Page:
The Badlands prairies contain many native grasses including taller species such as cordgrass and big bluestern along with shorter types like buffalograss and blue gama. Grasses living in this tough environment need to withstand long drought periods, high winds and harsh winters. Within the prairie, grasses support biological diversity, providing foods for mammals, birds, reptiles and insects. Because of intense agricultural development, many native praririe grasses have disappeared and are now protected in areas such as Badlands National Park.
The Badlands features unrelenting heat in summer with cement-dry ground. While many people may think it's the exactly the region for an abundance of wildflowers, they'd be mistaken. Wildflowers still take hold and flourish, adding beauty to a barren landscape. Among the wildflowers found in spring are tufted evening primrose, also known as Oenothera caespitosa, its relative the pale evening primrose, prairie turnip, scarlet globemallow, prairie rose, sego lily and hood phlox. Autumn bloomers include sunflowers, curlycup gumweed and rubber rabbitthrush. Even in mid-summer's baking sun, yucca, wooly verbena, wavy leaf thistle and purple coneflowers bring color to the Badlands.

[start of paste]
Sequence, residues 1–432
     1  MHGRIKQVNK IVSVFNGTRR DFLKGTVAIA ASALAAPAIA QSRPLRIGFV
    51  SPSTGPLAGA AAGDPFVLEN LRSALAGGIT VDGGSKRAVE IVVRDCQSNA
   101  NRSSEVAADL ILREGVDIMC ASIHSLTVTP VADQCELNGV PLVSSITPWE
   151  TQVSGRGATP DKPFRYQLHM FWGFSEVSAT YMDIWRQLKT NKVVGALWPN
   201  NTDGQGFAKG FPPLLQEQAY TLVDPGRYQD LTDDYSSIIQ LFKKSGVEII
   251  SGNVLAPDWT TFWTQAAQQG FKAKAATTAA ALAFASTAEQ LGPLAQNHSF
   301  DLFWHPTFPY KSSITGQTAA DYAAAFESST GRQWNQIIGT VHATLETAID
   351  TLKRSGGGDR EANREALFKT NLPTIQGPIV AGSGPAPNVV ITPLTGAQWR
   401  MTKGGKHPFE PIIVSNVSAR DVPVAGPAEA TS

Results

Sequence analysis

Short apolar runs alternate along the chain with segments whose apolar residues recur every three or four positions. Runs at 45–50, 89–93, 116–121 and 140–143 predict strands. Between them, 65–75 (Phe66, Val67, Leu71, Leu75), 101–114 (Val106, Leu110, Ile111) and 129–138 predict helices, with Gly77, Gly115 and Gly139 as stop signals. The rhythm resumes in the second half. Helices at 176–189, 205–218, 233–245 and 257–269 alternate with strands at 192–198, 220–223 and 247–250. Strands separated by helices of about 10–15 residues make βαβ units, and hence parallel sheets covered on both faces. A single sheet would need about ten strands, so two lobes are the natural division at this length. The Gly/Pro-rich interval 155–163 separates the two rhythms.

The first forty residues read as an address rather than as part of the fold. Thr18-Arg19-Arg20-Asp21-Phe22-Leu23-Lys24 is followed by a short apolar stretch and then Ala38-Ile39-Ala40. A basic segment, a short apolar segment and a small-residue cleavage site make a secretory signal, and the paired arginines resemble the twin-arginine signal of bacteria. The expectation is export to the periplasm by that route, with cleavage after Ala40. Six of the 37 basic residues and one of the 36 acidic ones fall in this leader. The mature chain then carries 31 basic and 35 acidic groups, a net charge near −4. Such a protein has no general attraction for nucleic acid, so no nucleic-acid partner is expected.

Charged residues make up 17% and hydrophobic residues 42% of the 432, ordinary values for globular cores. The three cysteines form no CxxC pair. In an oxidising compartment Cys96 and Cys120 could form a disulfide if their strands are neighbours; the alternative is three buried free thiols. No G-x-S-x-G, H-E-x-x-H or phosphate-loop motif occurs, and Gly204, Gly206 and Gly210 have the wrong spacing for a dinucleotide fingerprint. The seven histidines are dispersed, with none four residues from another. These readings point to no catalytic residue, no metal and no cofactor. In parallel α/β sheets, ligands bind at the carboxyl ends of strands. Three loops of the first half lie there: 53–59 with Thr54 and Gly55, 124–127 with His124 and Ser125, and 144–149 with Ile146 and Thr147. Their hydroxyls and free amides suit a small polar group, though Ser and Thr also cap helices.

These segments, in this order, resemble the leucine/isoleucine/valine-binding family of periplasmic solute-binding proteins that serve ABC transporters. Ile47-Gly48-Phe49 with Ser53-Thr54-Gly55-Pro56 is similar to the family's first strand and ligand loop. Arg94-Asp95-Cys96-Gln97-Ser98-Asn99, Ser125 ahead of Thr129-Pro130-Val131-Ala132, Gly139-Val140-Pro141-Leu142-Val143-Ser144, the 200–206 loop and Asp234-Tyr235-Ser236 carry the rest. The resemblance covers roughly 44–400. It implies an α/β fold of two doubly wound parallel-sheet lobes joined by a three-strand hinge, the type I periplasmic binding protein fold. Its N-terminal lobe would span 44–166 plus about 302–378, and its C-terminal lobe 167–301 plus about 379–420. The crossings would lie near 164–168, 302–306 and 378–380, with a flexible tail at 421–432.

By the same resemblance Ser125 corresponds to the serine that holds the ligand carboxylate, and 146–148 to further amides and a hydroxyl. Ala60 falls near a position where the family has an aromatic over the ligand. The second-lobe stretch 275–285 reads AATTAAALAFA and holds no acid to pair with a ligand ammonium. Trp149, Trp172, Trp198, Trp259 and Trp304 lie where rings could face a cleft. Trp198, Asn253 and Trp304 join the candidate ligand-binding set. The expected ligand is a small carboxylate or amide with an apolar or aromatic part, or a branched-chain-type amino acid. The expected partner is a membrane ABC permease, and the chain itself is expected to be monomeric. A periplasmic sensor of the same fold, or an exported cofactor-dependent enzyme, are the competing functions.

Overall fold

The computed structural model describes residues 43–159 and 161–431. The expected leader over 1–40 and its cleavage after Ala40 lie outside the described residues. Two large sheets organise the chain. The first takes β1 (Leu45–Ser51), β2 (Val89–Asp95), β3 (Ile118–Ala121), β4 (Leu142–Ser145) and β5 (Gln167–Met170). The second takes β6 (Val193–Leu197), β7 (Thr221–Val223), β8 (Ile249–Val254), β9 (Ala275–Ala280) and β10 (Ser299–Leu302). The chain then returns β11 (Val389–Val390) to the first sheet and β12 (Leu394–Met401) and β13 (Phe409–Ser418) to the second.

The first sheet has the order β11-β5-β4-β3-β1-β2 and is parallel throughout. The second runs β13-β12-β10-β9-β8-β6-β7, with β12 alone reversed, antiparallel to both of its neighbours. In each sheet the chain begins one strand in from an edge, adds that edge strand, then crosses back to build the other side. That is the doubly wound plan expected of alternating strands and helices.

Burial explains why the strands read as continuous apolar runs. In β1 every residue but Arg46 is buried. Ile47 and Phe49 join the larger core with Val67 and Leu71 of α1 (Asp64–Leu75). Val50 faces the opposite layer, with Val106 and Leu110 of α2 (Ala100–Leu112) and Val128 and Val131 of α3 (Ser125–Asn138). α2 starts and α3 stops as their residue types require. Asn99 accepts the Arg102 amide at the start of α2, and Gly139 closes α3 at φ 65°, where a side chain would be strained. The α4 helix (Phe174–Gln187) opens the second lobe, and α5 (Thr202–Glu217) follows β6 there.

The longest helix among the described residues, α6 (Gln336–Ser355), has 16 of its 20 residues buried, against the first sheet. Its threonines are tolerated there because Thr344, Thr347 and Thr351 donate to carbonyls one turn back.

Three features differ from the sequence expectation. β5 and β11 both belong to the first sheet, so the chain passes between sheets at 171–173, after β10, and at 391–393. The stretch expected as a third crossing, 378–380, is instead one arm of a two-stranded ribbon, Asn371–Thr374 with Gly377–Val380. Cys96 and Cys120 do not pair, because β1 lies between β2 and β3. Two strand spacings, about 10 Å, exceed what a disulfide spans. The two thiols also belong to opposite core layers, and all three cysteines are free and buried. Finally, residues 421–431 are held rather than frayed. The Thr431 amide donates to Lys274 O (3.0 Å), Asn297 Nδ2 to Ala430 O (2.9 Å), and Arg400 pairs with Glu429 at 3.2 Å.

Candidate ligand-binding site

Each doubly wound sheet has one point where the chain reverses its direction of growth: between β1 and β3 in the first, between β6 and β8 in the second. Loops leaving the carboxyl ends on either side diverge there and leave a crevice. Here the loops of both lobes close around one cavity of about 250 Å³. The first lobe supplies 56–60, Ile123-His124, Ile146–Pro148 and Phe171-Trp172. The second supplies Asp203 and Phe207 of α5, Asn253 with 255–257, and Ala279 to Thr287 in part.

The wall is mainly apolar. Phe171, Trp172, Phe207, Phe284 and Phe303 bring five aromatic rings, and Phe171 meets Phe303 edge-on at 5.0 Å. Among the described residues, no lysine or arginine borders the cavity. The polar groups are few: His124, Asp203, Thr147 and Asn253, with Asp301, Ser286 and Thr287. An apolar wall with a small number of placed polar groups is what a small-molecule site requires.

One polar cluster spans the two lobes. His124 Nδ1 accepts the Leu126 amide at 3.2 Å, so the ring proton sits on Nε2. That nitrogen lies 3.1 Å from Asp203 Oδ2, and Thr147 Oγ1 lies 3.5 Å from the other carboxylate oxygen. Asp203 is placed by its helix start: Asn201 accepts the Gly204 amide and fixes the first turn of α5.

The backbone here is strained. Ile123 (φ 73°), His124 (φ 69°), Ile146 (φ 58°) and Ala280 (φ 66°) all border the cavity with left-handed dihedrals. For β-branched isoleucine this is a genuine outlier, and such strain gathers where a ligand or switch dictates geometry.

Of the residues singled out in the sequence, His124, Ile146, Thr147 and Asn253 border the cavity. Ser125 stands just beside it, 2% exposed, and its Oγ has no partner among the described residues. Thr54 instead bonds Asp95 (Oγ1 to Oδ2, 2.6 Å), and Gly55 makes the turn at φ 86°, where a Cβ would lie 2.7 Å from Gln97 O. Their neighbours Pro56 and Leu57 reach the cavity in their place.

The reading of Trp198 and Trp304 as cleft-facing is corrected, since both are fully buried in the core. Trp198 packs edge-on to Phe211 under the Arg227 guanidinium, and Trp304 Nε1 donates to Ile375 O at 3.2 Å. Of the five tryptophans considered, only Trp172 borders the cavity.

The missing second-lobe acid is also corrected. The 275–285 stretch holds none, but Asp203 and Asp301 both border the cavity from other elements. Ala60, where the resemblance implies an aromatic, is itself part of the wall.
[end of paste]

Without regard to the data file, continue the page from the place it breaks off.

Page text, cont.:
Shrubs and Trees
With so little annual precipitation, trees and shrubs have a hard time growing in the Badlands. One exception is the aromatic Rocky Mountain juniper. Sagebrush, which thrives in harsh climes, can also be found. Trees and shrubs usually grow by water sources or near dry creek beds.
The arid climate suits cactus and among the types found in the Badlands are the desert rose, prickly pear and the purple ball cactus. The latter variety blooms just one day a year. Beware the prickly pear cactus -- its spines, or glochids, are hard to remove if they lodge on the skin of a person or animal. The yellow-flowering variety of the prickly pear is most commonly found in the Badlands.